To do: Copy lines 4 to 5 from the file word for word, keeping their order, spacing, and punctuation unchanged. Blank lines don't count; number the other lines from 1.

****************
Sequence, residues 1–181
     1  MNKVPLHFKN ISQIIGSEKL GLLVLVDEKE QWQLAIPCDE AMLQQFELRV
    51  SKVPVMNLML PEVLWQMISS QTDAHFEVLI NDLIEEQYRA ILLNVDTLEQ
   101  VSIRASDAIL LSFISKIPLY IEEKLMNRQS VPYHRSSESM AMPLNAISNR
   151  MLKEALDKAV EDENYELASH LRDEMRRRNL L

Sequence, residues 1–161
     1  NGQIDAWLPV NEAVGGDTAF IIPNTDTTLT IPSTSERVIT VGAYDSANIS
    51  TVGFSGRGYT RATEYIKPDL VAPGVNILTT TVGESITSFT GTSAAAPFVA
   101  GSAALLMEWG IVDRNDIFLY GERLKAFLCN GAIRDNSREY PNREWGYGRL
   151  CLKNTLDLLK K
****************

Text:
   101  VSIRASDAIL LSFISKIPLY IEEKLMNRQS VPYHRSSESM AMPLNAISNR
   151  MLKEALDKAV EDENYELASH LRDEMRRRNL L